REVIEWS

BOOKS

That unique breed, The Great Big New Rich, are a long sea-mile from the outmoded go-getters of Horatio Alger

PHILIP BOOKS August 1 1969
REVIEWS

BOOKS

That unique breed, The Great Big New Rich, are a long sea-mile from the outmoded go-getters of Horatio Alger

PHILIP BOOKS August 1 1969

BOOKS

That unique breed, The Great Big New Rich, are a long sea-mile from the outmoded go-getters of Horatio Alger

PHILIP BOOKS

DANIEL KEITH LUDWIG has the appearance of an aging commuter and that, among other things, is what he is. The neighbors in Darien, Connecticut, occasionally spot him in shirt sleeves and suspenders, poking around his lawn, noticeably irritated by the crabgrass. He works a long day and is not known to engage in backyard shoptalk about his tanker fleet, which exceeds in tonnage the combined wartime shipping of Germany, Italy and Japan, or to brag about his earning capacity, which equals that of 100,000 skilled workers.

The morning train carries Ludwig to the office of National Bulk Carriers at 360 Lexington Avenue in New York. There he directs a $1 billion fortune and the tankers that carry a considerable portion of the global trade in oil; they are certainly the largest and probably the least luxurious tankers in the world. When he learned that rival Aristotle Onassis had ordered grand pianos for the officers’ quarters of his supertankers, Ludwig’s answer was direct and characteristic: “You can’t carry oil in grand pianos.”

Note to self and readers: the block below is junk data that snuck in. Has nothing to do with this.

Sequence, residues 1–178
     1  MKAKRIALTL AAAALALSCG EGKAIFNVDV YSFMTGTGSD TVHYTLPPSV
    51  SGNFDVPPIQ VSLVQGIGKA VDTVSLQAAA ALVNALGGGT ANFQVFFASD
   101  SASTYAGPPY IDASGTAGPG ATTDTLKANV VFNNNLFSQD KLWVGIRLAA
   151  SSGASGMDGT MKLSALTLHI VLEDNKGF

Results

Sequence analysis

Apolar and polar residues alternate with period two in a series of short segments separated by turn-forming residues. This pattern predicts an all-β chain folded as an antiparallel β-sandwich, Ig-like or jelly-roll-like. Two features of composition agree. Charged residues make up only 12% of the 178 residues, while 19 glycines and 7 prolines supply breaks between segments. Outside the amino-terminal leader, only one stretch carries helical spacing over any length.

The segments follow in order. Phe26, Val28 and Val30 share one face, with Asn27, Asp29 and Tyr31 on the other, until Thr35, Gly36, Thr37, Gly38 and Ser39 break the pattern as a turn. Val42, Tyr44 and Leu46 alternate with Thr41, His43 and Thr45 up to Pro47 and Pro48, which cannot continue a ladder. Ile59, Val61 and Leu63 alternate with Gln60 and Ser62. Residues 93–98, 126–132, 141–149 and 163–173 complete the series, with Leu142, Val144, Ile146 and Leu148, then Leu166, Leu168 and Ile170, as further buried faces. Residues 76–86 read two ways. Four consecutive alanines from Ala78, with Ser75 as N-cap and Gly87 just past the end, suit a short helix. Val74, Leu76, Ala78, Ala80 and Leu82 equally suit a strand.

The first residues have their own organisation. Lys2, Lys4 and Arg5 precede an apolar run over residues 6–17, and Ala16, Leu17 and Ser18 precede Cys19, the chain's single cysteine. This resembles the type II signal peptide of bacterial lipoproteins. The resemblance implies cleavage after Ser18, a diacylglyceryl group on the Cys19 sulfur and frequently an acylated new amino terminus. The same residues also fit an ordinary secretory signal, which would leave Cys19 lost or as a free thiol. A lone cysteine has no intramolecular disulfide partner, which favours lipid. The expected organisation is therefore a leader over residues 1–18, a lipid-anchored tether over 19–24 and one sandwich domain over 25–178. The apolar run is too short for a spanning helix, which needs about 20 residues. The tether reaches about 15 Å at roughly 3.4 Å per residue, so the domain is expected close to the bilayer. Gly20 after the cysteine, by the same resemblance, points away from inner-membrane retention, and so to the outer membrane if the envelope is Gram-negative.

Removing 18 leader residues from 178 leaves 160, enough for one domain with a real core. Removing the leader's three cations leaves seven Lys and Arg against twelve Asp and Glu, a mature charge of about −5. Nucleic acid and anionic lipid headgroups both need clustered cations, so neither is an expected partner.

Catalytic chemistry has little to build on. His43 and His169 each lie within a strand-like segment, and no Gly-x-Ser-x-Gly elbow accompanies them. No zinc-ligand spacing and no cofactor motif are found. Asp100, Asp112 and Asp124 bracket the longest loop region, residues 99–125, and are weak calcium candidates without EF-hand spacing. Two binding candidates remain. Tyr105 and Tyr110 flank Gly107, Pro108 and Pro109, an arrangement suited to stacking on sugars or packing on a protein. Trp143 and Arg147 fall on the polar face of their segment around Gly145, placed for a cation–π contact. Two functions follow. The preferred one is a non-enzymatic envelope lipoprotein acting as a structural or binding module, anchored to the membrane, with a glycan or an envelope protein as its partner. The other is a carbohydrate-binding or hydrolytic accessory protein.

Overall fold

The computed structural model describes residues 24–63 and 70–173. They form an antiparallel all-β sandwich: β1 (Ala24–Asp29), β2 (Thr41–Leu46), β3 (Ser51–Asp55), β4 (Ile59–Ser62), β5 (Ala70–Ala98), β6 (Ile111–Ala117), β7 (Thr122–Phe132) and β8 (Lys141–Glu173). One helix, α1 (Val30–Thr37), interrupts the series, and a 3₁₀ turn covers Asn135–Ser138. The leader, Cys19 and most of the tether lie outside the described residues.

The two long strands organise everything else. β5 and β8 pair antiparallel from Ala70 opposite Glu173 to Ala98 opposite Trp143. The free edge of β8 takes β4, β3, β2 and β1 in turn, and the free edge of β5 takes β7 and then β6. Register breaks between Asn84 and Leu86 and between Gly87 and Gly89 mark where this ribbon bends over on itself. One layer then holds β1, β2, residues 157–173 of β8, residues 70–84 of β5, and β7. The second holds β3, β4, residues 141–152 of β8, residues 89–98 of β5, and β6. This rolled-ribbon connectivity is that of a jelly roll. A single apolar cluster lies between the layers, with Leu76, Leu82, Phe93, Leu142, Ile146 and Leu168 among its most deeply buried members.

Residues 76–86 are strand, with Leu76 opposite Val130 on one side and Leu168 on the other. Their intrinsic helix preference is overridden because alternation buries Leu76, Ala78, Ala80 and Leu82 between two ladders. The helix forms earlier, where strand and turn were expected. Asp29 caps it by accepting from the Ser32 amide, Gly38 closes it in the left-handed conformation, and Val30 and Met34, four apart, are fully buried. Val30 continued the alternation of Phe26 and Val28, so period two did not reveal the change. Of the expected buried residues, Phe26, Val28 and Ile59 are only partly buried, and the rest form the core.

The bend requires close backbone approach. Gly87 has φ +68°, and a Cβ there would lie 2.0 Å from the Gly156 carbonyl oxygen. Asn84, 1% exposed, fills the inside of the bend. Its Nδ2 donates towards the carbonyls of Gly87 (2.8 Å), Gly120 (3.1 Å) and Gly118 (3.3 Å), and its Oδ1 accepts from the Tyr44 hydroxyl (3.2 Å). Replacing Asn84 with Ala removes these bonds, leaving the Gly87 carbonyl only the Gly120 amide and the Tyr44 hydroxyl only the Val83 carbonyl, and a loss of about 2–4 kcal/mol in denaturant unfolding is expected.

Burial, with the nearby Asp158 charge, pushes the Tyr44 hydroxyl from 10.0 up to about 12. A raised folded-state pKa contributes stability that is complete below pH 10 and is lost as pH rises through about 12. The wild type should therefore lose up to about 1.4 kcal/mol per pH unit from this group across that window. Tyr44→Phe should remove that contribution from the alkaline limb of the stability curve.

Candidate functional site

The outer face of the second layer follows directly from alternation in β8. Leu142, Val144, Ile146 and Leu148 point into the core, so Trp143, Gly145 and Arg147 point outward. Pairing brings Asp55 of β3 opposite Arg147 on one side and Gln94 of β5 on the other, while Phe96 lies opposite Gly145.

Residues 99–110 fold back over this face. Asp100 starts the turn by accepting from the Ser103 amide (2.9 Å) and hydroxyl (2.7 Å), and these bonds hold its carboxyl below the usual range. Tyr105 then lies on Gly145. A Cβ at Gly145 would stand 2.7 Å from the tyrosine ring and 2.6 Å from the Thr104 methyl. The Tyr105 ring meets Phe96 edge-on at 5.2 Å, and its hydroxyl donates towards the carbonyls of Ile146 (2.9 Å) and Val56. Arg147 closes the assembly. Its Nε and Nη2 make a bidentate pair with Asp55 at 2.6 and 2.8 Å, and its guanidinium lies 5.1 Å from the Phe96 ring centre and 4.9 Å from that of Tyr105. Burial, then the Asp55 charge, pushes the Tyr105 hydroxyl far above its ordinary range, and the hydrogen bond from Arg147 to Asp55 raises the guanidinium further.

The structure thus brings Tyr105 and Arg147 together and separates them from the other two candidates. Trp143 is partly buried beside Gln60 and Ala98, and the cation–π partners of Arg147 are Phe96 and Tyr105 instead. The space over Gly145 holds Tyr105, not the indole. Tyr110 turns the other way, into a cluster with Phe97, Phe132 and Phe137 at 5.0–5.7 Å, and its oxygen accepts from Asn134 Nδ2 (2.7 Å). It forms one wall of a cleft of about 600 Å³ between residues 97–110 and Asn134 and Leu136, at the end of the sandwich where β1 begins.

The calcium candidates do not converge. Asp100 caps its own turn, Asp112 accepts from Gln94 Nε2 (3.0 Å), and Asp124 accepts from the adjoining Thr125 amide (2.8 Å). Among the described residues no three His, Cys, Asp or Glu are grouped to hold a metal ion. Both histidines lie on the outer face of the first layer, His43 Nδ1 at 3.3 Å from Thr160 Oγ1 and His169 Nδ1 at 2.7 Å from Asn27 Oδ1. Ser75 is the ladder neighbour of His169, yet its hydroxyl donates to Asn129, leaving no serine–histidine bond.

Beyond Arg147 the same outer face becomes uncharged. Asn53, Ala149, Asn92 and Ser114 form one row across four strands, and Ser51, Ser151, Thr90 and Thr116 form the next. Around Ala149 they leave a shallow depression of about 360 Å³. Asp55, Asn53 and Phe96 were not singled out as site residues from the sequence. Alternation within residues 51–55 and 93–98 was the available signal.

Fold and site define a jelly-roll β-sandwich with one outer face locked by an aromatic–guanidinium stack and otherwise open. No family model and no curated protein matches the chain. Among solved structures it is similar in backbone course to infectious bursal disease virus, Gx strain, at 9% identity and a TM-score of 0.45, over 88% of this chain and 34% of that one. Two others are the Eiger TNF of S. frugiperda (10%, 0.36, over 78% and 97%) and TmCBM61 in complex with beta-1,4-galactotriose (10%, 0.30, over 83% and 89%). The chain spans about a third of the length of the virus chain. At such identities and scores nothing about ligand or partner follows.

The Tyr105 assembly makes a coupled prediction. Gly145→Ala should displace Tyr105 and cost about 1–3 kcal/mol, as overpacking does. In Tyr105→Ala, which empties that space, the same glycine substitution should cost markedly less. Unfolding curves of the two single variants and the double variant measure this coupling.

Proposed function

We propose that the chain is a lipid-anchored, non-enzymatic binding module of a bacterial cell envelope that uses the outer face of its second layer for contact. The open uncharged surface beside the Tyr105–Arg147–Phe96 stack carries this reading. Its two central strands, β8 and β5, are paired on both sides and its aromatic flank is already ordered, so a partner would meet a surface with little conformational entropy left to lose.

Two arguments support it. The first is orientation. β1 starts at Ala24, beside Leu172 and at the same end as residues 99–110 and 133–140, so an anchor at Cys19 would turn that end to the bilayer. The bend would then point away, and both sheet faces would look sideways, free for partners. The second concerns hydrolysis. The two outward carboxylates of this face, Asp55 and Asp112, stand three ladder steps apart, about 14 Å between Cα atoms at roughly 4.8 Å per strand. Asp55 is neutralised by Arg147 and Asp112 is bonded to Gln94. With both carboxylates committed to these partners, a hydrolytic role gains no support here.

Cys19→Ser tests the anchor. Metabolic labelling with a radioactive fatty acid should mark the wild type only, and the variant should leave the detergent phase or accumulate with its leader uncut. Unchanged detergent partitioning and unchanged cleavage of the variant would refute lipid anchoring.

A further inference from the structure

Ludwig reveals his credo with the same economy of speech: “I’m in this business because I like it. I have no hobbies.” It is almost a Horatio Alger line for a Horatio Alger story — the grade-school dropout from the broken home, single - mindedly deploying a “sensitivity to the profitable deal,” outpacing the 100,000 mere millionaires who today comprise North America’s lesser rich and bursting through, in the words of author Kenneth Lamott of The Moneymakers, as “the greatest of the Great Big New Rich of the postwar era.”

Almost but not quite an Alger story, for these are not Alger times. And the underlying interest of The Moneymakers is that of a study of our times. Intrinsically, the book is a sketchy profile of the making of a baker’s dozen of recent fortunes ranging from $100 million and up into the billions; Lamott labels his subjects The Big New Rich to distinguish them from the inheritors of wealth. Some you know: Haroldson Lafayette Hunt, oracle of the crackpot Right, Howard Hughes, landlord of Las Vegas. Others are as obscure as Ludwig.

The spirit of Alger lives mainly in their rhetoric. They burgeoned as private enterprise was shrinking from an economic system into an American theology. They came long after Rockefeller, Dupont, Mellon and Ford, the great industrial dynasties born out of a competitive capitalism. They came before General Motors, Boeing and the swollen defense department, the contemporary big bureaucracies.

The New Rich began, like the first Rockefeller, as competitive entrepreneurs. But like the modern private bureaucracies, they flourished on political lobbying, risk-free government contracts, mergers, depletion allowances and a tax structure conveniently and permanently tilted toward a corporate jackpot. Their role was transitional. Ludwig, says Lamott, is “the last of the great entrepreneurs.”